The Impact of Pharmacist-Directed Patient Education and Anticoagulant Care Coordination on Patient Satisfaction (June).

Link to article at PubMed

The Impact of Pharmacist-Directed Patient Education and Anticoagulant Care Coordination on Patient Satisfaction (June).

Ann Pharmacother. 2013 May 8;

Authors: Makowski CT, Jennings DL, Nemerovski CW, Szandzik EG, Kalus JS

BACKGROUND:Patient satisfaction data played a role in determining Medicare reimbursement as of October 2012. Clinical pharmacy services could improve satisfaction of hospital inpatients but it is unclear whether this relates to performance on standardized hospital surveys.OBJECTIVE:To describe the impact on patient satisfaction of patient education and follow-up care coordination provided by an inpatient pharmacist-directed anticoagulation service (PDAS).METHODS:This study was conducted at an urban, tertiary care hospital. PDAS is a clinical pharmacy service that has improved transition-of-care, safety, and efficacy involving anticoagulation at our institution. Patients receiving inpatient anticoagulation during February 2001-April 2007 (pre-PDAS) and December 2008-December 2010 (post-PDAS), who responded to a mail-in survey, were included. Survey items included satisfaction ("How satisfied were you with the medical care?"), amount of information ("Was the amount of information you received about your medicine...?"), clarity of information ("Was the clarity of the information about your medicine...?"), answer quality ("Were the answers to your questions about your medicine...?"), and spoke to a pharmacist ("Did a pharmacist speak with you during your stay?"). Response options for amount of information, clarity of information, answer quality, and satisfaction used a symmetric 5-point Likert-type scale, with options 1-5 indicating most to least positive, respectively. Options 1-2 were considered positive and options 3-5 were considered negative. Primary analysis compared patient satisfaction (defined as rate of positive responses) between pre-PDAS and post-PDAS respondents. χ(2) Test was used for all comparisons.RESULTS:Surveys were distributed to 1694 patients after discharge, with 687 (40.6%) responding. Post-PDAS respondents had improved patient satisfaction for all positive response items, compared to pre-PDAS scores. Amount of information increased by 37.2%, clarity of information increased by 35.2%, answer quality increased by 29.5%, and satisfaction increased by 10.6% (p < 0.001 for all comparisons).CONCLUSIONS:Hospitals deploying focused programs with systematic approaches to patient-pharmacist communication may positively impact patient satisfaction.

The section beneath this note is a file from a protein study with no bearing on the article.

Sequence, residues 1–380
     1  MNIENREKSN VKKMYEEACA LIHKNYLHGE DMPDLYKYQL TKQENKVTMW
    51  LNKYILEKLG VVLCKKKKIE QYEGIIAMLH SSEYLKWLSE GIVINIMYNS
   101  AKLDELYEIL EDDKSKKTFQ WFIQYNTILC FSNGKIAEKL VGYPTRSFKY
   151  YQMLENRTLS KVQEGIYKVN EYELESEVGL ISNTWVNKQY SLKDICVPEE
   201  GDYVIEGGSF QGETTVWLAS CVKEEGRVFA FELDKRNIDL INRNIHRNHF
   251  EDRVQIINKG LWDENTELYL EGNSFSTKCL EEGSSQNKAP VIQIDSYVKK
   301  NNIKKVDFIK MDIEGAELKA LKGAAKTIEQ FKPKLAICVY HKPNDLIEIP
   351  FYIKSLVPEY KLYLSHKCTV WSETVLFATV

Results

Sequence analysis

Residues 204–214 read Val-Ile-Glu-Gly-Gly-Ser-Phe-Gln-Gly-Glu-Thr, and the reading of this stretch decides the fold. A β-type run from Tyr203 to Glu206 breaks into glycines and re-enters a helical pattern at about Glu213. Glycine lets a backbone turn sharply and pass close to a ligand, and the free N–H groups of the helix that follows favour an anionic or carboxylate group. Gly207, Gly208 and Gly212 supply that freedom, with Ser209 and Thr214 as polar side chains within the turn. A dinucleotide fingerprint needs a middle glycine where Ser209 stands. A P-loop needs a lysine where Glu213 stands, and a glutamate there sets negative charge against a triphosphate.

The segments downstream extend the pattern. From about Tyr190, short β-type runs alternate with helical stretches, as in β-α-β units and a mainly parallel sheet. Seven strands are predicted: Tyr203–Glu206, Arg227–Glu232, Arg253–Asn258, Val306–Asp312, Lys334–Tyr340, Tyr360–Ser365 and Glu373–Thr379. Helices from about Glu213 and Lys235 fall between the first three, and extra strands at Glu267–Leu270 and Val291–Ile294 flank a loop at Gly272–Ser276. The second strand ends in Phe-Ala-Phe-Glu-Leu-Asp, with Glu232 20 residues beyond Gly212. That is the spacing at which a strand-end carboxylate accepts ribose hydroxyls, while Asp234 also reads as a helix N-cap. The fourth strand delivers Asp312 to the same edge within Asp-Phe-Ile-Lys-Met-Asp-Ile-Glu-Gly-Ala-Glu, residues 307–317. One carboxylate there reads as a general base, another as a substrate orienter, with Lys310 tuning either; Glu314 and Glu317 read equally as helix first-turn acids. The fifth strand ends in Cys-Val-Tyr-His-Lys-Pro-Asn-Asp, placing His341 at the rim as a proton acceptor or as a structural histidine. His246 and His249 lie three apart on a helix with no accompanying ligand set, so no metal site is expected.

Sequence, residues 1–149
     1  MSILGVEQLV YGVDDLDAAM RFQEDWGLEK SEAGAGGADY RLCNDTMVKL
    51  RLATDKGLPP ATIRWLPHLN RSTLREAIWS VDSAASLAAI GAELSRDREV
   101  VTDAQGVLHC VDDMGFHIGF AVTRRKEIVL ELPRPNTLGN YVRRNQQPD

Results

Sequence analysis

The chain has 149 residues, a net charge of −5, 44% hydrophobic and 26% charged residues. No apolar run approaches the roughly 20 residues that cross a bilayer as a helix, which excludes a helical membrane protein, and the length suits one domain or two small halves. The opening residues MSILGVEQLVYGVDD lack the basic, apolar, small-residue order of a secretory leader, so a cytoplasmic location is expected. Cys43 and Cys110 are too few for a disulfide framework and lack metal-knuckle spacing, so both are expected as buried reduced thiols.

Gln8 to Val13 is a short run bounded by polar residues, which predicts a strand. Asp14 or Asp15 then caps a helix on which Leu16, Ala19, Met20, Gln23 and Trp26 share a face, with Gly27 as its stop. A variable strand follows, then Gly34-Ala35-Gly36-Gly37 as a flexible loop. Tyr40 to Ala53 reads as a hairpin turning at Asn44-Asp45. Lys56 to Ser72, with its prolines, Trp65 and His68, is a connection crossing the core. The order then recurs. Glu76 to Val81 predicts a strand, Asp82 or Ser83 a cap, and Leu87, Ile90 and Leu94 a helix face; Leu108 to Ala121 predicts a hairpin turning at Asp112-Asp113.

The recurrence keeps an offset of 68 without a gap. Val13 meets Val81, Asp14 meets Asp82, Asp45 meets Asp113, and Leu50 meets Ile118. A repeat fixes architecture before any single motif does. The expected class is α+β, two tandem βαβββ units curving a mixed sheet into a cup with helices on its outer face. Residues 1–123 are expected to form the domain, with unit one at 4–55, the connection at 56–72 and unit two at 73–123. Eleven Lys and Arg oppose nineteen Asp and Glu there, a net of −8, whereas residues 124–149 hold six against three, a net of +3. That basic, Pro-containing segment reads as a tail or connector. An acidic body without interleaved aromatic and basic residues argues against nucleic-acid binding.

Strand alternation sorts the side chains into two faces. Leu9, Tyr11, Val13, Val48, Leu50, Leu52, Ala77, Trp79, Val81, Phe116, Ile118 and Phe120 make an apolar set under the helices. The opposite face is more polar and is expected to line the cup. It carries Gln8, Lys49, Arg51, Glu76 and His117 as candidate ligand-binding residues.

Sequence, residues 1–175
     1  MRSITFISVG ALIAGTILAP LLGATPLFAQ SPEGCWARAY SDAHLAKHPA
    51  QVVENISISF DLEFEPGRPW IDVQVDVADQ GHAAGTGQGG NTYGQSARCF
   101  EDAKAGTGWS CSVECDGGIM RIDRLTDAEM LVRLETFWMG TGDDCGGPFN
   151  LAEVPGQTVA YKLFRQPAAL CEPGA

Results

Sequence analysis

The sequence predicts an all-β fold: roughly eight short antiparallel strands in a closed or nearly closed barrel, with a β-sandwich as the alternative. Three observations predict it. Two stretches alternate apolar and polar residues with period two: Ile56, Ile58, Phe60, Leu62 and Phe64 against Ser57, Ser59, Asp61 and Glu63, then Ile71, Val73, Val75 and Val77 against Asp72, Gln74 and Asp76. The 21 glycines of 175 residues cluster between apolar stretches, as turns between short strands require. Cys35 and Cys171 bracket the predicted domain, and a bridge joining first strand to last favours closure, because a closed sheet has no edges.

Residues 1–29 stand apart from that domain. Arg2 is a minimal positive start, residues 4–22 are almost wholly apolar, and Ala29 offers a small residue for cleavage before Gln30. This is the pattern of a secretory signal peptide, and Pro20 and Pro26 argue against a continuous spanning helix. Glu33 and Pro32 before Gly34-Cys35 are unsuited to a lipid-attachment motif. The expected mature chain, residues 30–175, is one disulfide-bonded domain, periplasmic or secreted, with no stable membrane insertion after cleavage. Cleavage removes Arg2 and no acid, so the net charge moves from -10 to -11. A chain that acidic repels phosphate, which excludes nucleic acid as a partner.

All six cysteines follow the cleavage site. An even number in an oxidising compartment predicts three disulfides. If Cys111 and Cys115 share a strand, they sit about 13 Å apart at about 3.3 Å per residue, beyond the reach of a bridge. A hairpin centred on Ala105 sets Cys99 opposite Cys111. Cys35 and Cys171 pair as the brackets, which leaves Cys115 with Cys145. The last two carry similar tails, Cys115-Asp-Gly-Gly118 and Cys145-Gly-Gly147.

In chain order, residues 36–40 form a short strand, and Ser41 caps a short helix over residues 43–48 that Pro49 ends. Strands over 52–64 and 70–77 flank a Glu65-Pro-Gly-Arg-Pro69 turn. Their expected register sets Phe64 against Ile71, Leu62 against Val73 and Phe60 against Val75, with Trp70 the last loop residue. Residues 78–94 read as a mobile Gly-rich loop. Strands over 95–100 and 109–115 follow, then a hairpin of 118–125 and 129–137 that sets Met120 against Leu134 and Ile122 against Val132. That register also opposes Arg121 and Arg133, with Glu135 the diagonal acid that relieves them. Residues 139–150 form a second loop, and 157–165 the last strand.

PMID: 23656752 [PubMed - as supplied by publisher]

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